Religious freedom and the Indonesian constitution: a case study of the Blasphemy Law, Marriage Law, and Civil Administrative Law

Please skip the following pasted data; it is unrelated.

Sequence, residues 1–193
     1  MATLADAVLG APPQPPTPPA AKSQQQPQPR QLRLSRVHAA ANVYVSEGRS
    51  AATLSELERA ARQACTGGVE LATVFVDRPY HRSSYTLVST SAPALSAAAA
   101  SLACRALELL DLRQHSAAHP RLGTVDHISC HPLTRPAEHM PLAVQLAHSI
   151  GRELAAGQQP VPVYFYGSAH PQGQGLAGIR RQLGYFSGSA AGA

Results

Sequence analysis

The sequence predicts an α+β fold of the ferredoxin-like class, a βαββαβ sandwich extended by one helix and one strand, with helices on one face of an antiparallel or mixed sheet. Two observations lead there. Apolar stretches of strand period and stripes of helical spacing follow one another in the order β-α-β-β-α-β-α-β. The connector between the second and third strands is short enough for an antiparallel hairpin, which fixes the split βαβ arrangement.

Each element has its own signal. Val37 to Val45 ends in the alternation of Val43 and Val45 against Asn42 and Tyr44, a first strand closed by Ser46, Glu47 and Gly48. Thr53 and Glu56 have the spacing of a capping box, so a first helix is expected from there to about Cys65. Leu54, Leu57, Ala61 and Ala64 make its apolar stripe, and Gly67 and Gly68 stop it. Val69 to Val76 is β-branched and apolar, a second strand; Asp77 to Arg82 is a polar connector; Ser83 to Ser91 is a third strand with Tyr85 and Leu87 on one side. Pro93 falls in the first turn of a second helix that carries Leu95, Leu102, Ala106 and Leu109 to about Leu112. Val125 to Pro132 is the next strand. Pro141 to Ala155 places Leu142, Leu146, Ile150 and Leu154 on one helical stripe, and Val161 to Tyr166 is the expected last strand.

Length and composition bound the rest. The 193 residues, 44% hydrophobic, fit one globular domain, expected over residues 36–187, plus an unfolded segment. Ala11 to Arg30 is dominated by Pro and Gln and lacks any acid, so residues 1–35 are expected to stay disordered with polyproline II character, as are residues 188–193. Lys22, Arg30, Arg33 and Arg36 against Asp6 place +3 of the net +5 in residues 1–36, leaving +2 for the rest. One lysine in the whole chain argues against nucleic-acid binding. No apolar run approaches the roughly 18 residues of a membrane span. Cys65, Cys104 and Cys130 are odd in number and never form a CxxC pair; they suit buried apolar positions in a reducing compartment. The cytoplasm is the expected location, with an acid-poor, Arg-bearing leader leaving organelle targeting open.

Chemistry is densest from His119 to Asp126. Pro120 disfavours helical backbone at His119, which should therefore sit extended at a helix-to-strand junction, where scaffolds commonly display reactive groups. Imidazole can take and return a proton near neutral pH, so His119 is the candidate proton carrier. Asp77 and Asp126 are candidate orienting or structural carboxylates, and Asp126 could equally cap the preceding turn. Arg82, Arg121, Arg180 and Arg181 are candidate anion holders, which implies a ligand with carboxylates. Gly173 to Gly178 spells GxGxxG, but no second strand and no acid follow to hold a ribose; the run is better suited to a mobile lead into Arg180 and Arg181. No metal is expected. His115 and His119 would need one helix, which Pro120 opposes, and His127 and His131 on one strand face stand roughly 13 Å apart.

This thesis examines the approach of the Indonesian law makers to religious freedom. This thesis topic is significant because it offers a comprehensive understanding of the lawmaking process in relation to the issue of religious freedom. This thesis draws upon the idea that politics influences law making to analyse the debate over religious freedom in Indonesia and the extent to which the law is used to protect religious freedom. My research question is ‘How religious politics influences lawmaking during constitutional debates, legislation process, and constitutional review?’. I will explore this question through doctrinal analysis and a case study approach. Throughout this thesis, I will show how the regulation of religious freedom has been contested through the lawmaking process, both in the legislature and the Constitutional Court. I explain the debate on the drafting and amendment of the articles on religious freedom in the 1945 Constitution, and the latter 1955-1959 and 1999-2002 Constitutional debate, arguing that there is a legal gap in regard to the protection of religious freedom in Indonesia. The gap is between the Constitutional Articles guaranteeing religious freedom and laws that potentially interfere with religious freedom for minorities such as the Blasphemy Law, the Marriage Law, and the Civil Administrative law. These laws were judicially reviewed before the Constitutional Court for testing their conformity with the Constitution. Through the case study of the judicial review of the Blasphemy Law, the Marriage Law, and the Civil Administrative Law, I show how claims about religious freedom are still debated and resolved in the Constitutional Court. I suggest that the Constitutional Court has resolved disputes over religious freedom in ways that compromises the rights of religious minorities in the cases on blasphemy and the marriage law, but in ways that ensure tolerance for those who do not hold a religion in the case of the civil administrative law. Overall, this study offers a new perspective to understand religious freedom in Indonesia by looking at the discourse surrounding the lawmaking process.